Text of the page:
|This is the road we take to Honour Village every day.|
Although it is fairly smooth, it's unpaved, and very dusty.
We ride in an open tuk-tuk
|Look out! Here comes a car!|
Especially during the dry season, when humidity is high and the air is still, these fine red particles seem to just hang in the atmosphere. The haze, visible in the horizon, produces spectacular sunrises and sunsets, and on clear nights, the moon glows with a pink I have only seen here. This grit permeates everything, invading every crack and crevice, and combined with the humidity, it forms a rusty film that adheres to vehicles, plant foliage, buildings, even animals, like a thin glaze.
|Red dust on the foliage and pipes next to the road|
|Red dust on the concrete sewer covers beside the road|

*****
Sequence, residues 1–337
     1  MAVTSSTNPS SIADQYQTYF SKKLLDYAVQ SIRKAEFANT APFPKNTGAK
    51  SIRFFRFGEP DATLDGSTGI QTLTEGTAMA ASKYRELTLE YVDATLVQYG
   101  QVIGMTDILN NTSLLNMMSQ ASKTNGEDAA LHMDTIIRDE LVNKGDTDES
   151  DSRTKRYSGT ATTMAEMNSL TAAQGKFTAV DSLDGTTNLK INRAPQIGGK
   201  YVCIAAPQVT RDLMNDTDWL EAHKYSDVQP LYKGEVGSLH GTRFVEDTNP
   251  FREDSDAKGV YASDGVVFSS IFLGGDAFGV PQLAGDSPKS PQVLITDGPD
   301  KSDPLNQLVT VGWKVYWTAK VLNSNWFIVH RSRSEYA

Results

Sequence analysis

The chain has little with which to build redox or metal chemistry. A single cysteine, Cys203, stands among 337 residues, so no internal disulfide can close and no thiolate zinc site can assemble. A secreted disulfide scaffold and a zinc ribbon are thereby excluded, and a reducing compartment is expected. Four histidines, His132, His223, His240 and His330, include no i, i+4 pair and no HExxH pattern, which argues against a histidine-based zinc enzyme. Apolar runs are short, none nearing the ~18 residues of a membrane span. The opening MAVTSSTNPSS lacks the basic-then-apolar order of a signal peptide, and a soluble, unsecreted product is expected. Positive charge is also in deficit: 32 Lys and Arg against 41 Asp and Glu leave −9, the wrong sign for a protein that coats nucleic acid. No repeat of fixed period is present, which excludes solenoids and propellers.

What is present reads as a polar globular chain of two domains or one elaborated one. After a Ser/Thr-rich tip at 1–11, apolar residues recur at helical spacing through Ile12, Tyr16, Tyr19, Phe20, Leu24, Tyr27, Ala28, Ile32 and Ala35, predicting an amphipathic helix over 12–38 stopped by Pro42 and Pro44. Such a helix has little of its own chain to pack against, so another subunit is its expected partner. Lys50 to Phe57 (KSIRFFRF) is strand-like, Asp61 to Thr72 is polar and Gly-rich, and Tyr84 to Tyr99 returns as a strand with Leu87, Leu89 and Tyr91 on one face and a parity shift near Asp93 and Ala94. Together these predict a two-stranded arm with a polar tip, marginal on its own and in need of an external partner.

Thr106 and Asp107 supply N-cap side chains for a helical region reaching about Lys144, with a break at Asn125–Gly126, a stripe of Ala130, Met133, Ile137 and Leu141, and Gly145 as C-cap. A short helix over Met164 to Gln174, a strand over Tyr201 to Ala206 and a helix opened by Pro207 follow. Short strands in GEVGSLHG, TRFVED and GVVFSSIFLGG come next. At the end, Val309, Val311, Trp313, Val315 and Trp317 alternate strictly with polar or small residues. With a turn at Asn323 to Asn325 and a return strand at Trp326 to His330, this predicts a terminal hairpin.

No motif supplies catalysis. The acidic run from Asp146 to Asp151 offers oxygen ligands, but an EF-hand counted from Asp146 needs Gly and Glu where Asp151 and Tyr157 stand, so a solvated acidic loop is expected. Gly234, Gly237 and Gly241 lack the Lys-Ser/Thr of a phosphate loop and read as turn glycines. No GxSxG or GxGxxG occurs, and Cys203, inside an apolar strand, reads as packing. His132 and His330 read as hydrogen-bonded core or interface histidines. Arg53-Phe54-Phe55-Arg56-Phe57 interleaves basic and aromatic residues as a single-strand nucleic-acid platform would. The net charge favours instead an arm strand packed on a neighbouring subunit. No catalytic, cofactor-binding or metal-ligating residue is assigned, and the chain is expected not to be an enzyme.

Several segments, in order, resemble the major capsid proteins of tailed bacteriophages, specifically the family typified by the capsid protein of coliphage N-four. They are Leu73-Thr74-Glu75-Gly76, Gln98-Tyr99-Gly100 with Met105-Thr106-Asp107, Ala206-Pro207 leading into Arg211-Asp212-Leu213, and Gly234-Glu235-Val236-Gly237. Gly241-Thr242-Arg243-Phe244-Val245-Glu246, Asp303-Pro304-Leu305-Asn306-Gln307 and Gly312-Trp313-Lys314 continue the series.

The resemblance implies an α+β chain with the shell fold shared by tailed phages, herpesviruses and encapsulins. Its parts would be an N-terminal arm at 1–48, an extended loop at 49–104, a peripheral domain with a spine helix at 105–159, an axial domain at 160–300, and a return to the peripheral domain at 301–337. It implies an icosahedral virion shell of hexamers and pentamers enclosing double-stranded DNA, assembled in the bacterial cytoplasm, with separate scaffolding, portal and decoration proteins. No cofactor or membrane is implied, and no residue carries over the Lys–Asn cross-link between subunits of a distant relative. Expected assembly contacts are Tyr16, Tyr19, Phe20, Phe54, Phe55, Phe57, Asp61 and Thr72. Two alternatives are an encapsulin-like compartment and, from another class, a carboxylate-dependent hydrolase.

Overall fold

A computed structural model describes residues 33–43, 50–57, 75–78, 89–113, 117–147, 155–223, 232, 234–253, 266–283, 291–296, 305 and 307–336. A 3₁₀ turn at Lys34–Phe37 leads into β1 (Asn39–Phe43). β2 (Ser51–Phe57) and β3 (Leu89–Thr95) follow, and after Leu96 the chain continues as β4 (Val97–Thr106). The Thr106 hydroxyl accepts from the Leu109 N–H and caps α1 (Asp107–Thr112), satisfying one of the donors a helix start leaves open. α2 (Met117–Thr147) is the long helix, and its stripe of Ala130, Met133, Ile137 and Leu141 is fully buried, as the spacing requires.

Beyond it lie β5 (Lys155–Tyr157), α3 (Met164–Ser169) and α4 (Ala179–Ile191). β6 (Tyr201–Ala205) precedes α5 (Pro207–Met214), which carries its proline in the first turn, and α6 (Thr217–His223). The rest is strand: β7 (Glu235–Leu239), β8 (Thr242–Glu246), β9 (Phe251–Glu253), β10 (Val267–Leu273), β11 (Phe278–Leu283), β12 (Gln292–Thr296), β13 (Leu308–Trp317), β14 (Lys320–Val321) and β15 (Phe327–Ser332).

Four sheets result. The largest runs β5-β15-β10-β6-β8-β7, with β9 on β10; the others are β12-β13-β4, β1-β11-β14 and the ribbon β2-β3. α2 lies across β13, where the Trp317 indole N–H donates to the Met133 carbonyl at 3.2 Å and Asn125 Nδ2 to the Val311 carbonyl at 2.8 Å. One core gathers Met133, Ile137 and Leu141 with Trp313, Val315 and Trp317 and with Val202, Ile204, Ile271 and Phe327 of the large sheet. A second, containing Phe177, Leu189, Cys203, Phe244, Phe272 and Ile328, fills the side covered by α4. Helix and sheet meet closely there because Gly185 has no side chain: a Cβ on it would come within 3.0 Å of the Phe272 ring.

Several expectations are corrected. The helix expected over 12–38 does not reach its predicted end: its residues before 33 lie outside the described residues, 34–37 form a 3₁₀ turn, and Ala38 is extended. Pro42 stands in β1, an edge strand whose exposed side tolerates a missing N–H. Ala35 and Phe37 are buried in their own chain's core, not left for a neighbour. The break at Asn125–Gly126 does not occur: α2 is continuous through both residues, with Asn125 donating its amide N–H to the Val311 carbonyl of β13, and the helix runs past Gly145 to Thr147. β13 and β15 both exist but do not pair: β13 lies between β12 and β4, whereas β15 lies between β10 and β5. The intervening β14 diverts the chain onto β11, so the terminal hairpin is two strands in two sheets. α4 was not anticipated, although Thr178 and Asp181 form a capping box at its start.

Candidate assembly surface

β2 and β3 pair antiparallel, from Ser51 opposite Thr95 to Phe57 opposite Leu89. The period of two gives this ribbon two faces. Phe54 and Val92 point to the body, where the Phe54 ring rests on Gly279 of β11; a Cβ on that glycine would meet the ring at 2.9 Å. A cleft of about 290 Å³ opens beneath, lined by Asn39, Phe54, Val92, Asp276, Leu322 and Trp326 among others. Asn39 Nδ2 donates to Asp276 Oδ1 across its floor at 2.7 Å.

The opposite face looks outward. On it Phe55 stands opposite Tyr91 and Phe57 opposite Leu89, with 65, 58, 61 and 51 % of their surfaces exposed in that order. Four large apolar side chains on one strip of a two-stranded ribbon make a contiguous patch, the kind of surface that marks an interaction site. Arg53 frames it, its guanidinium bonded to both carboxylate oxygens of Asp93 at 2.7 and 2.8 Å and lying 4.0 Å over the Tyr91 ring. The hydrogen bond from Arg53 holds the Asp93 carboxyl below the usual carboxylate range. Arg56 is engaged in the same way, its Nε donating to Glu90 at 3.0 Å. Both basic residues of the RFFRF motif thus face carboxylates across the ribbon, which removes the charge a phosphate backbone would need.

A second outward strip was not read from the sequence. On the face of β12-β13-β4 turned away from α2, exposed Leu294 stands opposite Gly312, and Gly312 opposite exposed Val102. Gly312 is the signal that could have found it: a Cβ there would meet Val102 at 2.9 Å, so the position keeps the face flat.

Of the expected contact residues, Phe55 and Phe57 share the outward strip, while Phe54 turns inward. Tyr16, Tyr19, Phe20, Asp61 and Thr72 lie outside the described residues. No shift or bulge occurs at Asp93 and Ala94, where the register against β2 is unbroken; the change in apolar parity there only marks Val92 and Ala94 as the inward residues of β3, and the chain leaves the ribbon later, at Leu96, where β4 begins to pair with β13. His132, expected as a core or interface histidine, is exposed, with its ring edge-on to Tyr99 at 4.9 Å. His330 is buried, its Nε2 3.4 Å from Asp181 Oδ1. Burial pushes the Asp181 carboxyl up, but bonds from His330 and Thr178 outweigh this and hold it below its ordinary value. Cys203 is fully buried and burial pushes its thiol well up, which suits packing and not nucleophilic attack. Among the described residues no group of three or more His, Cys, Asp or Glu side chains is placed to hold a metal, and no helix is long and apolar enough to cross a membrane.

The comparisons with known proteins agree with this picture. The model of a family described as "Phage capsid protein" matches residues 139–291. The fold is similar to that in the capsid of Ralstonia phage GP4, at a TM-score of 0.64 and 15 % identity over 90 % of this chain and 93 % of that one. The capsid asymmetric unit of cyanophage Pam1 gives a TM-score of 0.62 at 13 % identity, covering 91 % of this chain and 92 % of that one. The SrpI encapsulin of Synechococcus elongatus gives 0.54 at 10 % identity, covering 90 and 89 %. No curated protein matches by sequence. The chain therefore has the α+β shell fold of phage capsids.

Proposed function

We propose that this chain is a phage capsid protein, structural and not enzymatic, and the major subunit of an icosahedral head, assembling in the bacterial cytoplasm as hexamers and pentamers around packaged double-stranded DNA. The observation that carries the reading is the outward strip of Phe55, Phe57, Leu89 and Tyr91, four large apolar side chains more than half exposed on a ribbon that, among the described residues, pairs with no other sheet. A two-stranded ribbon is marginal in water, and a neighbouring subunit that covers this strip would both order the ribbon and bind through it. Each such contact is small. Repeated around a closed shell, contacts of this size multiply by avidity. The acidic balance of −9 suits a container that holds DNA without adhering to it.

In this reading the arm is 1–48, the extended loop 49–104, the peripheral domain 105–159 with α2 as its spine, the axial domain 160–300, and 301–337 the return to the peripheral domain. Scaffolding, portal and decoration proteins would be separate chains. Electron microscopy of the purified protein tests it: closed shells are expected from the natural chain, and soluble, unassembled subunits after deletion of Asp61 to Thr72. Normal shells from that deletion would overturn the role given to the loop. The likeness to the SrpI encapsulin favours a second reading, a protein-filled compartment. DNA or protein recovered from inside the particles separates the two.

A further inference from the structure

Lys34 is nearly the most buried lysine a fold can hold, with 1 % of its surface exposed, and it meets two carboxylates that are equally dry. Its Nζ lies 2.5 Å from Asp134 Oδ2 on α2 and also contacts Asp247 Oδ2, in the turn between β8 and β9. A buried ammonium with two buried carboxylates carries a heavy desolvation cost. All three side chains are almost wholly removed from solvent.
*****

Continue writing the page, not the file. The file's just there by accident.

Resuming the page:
|Red dust on the bases of a new building that has not yet been painted|
|Red dust chokes the foliage|
I often wonder whether respiratory illnesses are more prevalent here. Facemasks are commonly worn on motobikes & tuk-tuks - you can buy them at any corner store. I've known several people who end up with colds or sore throats when they come here. I've had my share.
It's quite common to see molded covers for computer keyboards, and most people don't remove the protective factory cover that comes on the screens of cellphones and cameras when you buy them. I wish there were a way to protect my camera. I've already had the zoom repaired once, and I suspect I may need a repeat, because it's sticking again. If my once-white shoes are now permanently a rose-pink, I wonder what the inside of my lungs must look like.
To see a video of Cambodian red snow, take a look at this video